By Melissa Fossum
By Lauren Wise
By New Times
By Amanda Savage
By Jason P. Woodbury
By Troy Farah
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Modesty's Odyssey (Yobo) by Boston-area percussionist Brooke Sofferman is a hard-core, shut-up-'n'-listen jazz outing featuring damn near slobbery liner notes by John Abercrombie as well as the playing of saxophonist Jerry Bergonzi, whom Michael Brecker considers to be the greatest tenor player alive. Happy Apple from Minneapolis has released Body Popping, Moon Walking, Top Rocking (No Alternative Records), which mixes Ornette Coleman and Medeski Martin & Wood with some attention-catching bass lines to create both a colorful and intense jazz outing -- the balance so often lost when jazz players try to get too cerebral.
Violins and cellos are typically the kiss of death when mixed with jazz, making Brandon Fields & Strings (PRC) that rare exception. Corn-free arrangements reminiscent of Claus Ogerman and Don Costa perfectly support Fields' emotive blowing. It's gorgeous stuff meant to be played at three in the morning, and should be purchased by anyone looking for a bit of grab 'n' giggle soundtrack fare. Nearly the same can be said for Ballad Session (Warner Bros.) by tenorman Mark Turner. The bare-faced seriousness of Turner's touching lines, coupled with stark production values somewhat reminiscent of Rudy Van Gelder's Blue Note classics, make this a pretty weird approach to jazz for the pop-favoring Warner Bros. Everybody wins.
On Kisses in the Rain (Telarc), vocalist John Pizzarellibares the hard-core guitar chops he learned from his dad, Bucky Pizzarelli. Nothing earth-shaking with the warbling, but the guy is a nasty picker.
The 32 Jazz label launches its best-of series, each disc subtitled Givin' Away the Store, with overviews of what Pat Martino, Sonny Stitt and Woody Shaw played during the '70s on the exceptional Muse label. Each one is a great intro to the artist's catalogue. Another solid sampler is Rhino Records' The Very Best of John Coltrane -- a fine overview of Atlantic-era recordings like "Giant Steps" and "My Favorite Things." If you've yet to check out Coltrane, this would be the disc to grab. Best jazz album of the month, hands down, comes from the Night Tripper himself, Dr. John. The good doctor has long vacillated between undiluted, spooky swamp funk like Gris Gris and the VH1-sounding fare found on some of his Warner Bros. outings. Now he's on Blue Note with Duke Elegant, grinding up Duke Ellington standards with his New Orleans chops. The 1932 dance number "It Don't Mean a Thing (If It Ain't Got That Swing)" becomes a voodoo chant, and "Things Ain't What They Used to Be" lays down a bass-driven groove that brings to mind The Meters.
Native American music is world music to nearly anyone outside the Southwest, and Phoenix is blessed to have one of the genre's major record labels right down on 16th Street. Canyon Records distributes its releases all over the world -- France was the main source of international orders during my last visit a decade back. The label's Medicine Dream by Mawio'mi weaves flute and vocals over beats and guitar breaks that bring to mind the lighter side of heavy metal. Ancient Future, the third release by the R. Carlos Nakai Quartet is a strange but successful mix of tech and tradition, with Native American instrumentation blending with hip-hop-ish beats and textures reminiscent of Philip Glass. Neither recording is the clichéd, new age-ish nonsense meant to serve as soundtracks to firing jars in the backyard kiln.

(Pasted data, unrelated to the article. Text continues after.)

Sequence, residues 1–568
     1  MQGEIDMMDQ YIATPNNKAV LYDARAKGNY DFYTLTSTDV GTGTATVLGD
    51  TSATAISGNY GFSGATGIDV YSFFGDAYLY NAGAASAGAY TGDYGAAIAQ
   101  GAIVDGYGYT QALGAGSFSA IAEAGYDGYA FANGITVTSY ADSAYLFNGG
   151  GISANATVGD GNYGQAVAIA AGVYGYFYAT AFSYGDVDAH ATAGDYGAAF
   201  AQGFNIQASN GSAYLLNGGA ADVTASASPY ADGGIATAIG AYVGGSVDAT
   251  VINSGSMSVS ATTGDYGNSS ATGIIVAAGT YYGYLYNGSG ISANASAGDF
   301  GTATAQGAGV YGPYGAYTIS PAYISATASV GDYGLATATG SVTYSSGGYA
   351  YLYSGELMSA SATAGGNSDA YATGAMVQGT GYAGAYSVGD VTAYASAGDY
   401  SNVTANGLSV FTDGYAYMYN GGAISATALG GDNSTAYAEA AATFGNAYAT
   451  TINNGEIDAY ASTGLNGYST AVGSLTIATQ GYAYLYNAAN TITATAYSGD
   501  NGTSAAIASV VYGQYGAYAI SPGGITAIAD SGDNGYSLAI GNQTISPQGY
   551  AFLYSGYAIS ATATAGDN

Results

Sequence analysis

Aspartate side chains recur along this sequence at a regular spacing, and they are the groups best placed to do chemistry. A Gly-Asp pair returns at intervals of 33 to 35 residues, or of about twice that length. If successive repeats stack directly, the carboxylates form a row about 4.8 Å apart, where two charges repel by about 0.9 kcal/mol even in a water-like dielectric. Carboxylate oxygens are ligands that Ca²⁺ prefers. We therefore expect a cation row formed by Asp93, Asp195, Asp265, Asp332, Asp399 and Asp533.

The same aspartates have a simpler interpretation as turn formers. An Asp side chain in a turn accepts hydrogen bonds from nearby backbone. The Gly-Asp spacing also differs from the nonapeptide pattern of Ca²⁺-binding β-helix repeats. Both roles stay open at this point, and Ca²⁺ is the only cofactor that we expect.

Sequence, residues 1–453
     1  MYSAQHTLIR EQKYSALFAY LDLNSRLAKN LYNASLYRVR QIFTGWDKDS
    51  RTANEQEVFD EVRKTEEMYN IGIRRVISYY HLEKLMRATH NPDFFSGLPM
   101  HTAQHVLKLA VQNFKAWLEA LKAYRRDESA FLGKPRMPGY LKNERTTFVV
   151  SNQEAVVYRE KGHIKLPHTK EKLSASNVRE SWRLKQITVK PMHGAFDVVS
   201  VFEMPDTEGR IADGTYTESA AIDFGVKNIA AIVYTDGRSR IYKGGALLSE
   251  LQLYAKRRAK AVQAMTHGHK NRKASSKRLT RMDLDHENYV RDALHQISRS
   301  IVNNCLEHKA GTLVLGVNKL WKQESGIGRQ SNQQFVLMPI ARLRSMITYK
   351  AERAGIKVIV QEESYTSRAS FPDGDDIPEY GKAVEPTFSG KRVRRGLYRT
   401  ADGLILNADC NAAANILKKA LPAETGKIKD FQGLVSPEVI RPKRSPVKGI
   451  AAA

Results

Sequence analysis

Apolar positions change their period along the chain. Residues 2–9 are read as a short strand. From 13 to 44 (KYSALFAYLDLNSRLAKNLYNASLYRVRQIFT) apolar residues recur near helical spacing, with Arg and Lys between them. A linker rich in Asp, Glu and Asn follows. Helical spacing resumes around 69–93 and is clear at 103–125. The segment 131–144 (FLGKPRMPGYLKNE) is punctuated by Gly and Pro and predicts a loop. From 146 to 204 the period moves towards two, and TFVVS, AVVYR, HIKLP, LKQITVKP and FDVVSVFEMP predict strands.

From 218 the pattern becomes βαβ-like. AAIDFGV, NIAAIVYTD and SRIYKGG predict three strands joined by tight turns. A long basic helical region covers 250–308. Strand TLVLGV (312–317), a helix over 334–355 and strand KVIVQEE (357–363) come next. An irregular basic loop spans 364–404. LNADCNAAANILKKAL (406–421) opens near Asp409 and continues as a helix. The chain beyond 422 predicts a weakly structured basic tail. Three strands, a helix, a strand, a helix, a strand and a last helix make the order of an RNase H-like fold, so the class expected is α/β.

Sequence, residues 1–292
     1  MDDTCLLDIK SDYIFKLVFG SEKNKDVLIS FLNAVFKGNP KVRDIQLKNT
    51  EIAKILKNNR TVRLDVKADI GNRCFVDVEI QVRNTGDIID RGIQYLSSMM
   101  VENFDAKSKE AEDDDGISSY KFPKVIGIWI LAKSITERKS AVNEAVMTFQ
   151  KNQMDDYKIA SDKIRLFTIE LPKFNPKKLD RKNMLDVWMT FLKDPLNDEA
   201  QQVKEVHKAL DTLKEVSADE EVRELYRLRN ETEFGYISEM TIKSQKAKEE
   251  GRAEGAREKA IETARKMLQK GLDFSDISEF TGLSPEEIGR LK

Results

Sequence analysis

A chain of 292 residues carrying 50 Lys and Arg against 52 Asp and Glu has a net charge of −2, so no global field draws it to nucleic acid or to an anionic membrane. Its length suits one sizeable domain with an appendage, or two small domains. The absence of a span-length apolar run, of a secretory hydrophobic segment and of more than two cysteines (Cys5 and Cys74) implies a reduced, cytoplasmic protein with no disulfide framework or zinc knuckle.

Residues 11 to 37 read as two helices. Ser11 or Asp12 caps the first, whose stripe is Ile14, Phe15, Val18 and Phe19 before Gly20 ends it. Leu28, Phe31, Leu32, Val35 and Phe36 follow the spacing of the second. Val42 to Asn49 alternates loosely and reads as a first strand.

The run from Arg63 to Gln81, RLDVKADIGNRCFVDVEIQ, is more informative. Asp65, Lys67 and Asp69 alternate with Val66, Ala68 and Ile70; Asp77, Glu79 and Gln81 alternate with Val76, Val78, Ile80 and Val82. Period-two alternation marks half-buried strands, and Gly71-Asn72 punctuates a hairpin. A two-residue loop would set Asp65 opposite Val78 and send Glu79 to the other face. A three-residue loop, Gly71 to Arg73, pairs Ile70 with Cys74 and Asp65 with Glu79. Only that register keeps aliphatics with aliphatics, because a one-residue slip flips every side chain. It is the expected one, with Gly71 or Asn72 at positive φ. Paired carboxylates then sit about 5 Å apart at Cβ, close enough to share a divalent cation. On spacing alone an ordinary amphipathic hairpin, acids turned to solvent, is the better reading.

The small Music Club label cranks out some unique CDs that put the large, risk-abhorring labels to shame. Magic Touch by the late Nusrat Fateh Ali Khancouples the Indian vocalist with DJ and remixer Bally Sagoo to create a unique form of international dance music. Also released by the label is The Kings and Queens of Rocksteady, which compiles mid-'60s, pre-reggae Jamaican hits, including the Paragon's "The Tide Is High," later covered by Blondie. Moving northeast a couple zillion miles, Faire Celts (Narada World) gathers offerings by 13 mostly unfamiliar Celtic female singers and instrumentalists -- gorgeous stuff for those needing to move beyond Enya and Loreena McKennitt.
This month's Criminally Underrated/Overlooked Artist: Next to John Prine, Michael Smith may be the finest Chicago folk singer ever. Check out Michael Smith Love Stories (Flying Fish Records), a reissue of his first two albums, filled with songs about vampires, panthers in Michigan, Graham Greene-like spies, dead Egyptians, and the last days of Pompeii, and including the original version of "Spoon River," made popular by the late Steve Goodman. Stay pompous.
Contact Dave McElfresh at his online address: firstname.lastname@example.org